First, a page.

Revision to manuscript:
No change to the manuscript has been made in response to this comment.

Referee comment:
iii) Strontium titanate has also a superconducting dome. Like cuprates, its superfluid density as a function of doping decreases as soon as the peak Tc is attained (Collignon et al., PRB, 96, 224506 (2017)). This appears to be a generic feature of any superconducting dome. If for whatever reason, adding an electron, instead of enhancing Tc (because of enhanced density of states) pulls it down, then you expect the superfluid density to do the same, because adding an electron reduces foremost the ratio of the superconducting gap to the carrier lifetime. Why should one exempt cuprates from this general rule?

Response:
We thank the Referee for bringing to our attention the interesting paper by Collignon et al. This very careful study of the variation of the superfluid density as a function of doping in SrTi1-xNbxO3 shows clearly how ns(0) decreases relative to nH(0) – the Hall carrier density – due to a crossover from the clean to the dirty limit. Such a crossover has frequently been invoked to explain the drop in ns(0) with doping in overdoped (OD) cuprates, as described in detail in appendix C. However, the evolution of ns(0) and nH(0) in SrTi1-xNbxO3 and in the cuprates has one crucial difference. While in both cases nH(0) increases with increasing doping beyond the optimal doping, in contrast to SrTi1-xNbxO3, the value of nH(0) in cuprates (Ref. [14]), is significantly smaller than the total carrier density expected from the full Luttinger count. It is this feature of the Hall response in OD cuprates that suggests the presence of two distinct charge sectors; something that has not, to our knowledge, been reported in SrTiO3. The different scenarios for SrTiO3 and the cuprates likely stem from the fact that the parent state is a band insulator in the former and a Mott insulator in the latter. One of the key motivations of the present manuscript is to present an alternative scenario to the dirty-limit BCS case that, for the reasons highlighted above, may be inapplicable to the OD cuprates. The seminal work by Božović et al. (Ref. [7]) also raises a serious challenge to the appropriateness of the dirty-limit picture for OD cuprates, as does the quantitative comparison of the effects of disorder (via the residual resistivity) on Tc, again highlighted in appendix C.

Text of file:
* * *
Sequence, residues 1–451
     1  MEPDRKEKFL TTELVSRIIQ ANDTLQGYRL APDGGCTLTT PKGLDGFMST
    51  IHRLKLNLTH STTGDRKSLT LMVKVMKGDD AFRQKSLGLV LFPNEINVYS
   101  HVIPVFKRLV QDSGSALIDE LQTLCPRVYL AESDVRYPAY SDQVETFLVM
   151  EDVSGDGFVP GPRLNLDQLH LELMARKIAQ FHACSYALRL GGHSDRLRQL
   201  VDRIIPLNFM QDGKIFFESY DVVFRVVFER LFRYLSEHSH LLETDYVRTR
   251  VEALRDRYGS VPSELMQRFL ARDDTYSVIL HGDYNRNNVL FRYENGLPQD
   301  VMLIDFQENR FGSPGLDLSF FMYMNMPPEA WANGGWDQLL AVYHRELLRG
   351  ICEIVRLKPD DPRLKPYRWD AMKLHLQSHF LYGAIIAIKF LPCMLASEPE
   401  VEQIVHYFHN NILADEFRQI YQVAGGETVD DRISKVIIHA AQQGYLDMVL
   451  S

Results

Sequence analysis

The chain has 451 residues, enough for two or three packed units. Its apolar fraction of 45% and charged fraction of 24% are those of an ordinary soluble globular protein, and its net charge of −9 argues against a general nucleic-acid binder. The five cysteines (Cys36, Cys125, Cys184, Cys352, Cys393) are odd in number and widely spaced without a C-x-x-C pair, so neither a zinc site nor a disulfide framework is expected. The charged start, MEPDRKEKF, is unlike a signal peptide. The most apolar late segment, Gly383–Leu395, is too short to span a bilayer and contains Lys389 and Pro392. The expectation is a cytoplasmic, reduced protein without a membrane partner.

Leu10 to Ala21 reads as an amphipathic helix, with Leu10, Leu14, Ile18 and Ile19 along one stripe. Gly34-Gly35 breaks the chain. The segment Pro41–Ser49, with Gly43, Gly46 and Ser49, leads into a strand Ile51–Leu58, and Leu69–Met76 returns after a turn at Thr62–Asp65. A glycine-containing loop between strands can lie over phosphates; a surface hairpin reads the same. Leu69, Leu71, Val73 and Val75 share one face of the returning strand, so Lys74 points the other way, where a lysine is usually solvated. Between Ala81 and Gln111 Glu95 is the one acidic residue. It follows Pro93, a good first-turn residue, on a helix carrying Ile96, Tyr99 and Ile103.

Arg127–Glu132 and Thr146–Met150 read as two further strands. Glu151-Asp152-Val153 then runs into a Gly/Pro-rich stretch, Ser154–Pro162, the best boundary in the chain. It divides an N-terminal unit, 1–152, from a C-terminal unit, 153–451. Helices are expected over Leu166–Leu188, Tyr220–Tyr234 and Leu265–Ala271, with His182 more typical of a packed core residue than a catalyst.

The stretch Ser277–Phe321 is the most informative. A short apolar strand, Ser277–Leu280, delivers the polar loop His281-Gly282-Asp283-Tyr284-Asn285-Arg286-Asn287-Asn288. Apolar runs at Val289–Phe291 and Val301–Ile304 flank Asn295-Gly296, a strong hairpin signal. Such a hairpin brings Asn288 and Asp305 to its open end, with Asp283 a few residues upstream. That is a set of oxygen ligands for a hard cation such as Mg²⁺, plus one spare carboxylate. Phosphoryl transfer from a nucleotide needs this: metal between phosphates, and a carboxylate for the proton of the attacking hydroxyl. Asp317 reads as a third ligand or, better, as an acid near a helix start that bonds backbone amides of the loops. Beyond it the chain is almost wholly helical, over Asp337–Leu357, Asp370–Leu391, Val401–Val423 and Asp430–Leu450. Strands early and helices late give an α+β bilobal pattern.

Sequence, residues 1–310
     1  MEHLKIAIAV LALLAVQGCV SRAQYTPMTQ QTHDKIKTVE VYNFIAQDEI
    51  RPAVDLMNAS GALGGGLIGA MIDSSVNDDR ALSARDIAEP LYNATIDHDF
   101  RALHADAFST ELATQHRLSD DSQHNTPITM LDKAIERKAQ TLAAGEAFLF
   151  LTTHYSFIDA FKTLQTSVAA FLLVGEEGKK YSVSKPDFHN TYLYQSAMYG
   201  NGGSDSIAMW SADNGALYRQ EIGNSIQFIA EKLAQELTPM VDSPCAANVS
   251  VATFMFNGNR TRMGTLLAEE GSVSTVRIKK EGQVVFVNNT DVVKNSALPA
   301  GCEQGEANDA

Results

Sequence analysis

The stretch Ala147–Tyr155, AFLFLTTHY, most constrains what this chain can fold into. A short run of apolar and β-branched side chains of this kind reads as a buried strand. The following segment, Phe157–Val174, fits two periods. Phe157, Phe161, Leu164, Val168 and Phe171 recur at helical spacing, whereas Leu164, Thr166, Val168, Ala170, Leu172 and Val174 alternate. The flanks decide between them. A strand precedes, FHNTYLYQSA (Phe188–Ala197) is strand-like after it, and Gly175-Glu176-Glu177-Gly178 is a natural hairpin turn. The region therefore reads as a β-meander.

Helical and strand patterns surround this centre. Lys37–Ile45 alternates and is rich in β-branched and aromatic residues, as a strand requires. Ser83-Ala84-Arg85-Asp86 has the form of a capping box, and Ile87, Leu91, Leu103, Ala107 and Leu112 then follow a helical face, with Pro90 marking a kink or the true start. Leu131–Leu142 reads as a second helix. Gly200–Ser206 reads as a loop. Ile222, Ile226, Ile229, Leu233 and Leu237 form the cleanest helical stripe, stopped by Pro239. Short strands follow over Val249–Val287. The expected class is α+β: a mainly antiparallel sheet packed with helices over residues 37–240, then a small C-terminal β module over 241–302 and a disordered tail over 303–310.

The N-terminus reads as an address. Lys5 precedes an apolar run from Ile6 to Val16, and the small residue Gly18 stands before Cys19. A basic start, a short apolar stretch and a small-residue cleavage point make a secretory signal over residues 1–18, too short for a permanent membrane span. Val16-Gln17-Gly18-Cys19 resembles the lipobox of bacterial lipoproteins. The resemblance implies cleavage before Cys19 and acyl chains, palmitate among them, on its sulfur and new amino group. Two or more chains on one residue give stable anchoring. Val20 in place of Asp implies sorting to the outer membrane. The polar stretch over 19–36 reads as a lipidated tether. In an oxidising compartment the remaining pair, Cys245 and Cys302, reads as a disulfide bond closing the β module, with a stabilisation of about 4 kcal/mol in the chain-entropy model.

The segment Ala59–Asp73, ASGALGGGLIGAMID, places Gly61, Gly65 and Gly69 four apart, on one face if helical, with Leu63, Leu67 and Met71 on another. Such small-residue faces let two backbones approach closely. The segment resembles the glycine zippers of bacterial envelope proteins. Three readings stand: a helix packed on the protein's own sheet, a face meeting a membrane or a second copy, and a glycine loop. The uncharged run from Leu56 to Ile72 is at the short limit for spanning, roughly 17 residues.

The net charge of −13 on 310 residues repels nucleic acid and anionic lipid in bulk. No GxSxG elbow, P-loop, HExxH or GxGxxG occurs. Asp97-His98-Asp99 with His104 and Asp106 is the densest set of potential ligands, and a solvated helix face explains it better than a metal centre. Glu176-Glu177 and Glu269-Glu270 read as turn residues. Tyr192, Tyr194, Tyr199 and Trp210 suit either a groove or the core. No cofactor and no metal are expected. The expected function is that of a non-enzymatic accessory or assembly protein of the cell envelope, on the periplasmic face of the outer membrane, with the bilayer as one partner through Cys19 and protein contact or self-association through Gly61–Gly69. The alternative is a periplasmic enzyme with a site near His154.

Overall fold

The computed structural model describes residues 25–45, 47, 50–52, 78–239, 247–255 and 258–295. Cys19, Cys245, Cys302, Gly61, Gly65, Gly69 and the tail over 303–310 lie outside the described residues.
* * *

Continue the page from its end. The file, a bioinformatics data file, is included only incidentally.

In light of the Referee’s comment, an extra discussion section has been added highlighting the difference between SrTiO3 and the cuprates, along with a citation to the paper by Collignon et al.

Revision to manuscript:
Extra sentences added at the bottom of page 5 highlighting the difference between SrTiO3 and the cuprates, along with a reference to the paper by Collignon et al..

Referee comment:
iv) The very first sentence of the abstract qualifies the non-superconducting state of overdoped cuprates as a strange metal. Doesn’t this contradict previous works by Hussey and collaborators, such as PRB 68, 100502 (2003)? I am also surprised by the logical flow. The paper begins with a conjecture and presents arguments in favor of this conjecture, instead of starting with observations and ending with a conclusion.

Response:
We apologise for the confusion in the original wording of our opening sentence ‘The non-superconducting state of overdoped cuprates is conjectured to be a strange metal comprising two distinct charge sectors’. Firstly, we are not referring to the state beyond the end of the superconducting dome (i.e. a non-superconducting cuprate, which does indeed show correlated but conventional Fermi-liquid behaviour). Rather, we are referring to the normal state of overdoped but nonetheless superconducting cuprates, i.e. the state above Tc or above Hc2. Hence, there is no contradiction with the previous work reported in PRB 68, 100502 (2003), which focused on a doping level beyond the superconducting dome. Secondly, in our opening statement, we used the word ‘conjecture’ inappropriately. There is now compelling evidence for the existence of two distinct contributions to the in-plane transport in overdoped cuprates, firstly from our high-field study of the Hall number [Nat. Phys. (2021) doi:10.1038/s41567-021-01197-0] and secondly from our more recent magnetoresistance scaling study [Nature, in press (2021) [2012.01208] (arxiv.org)].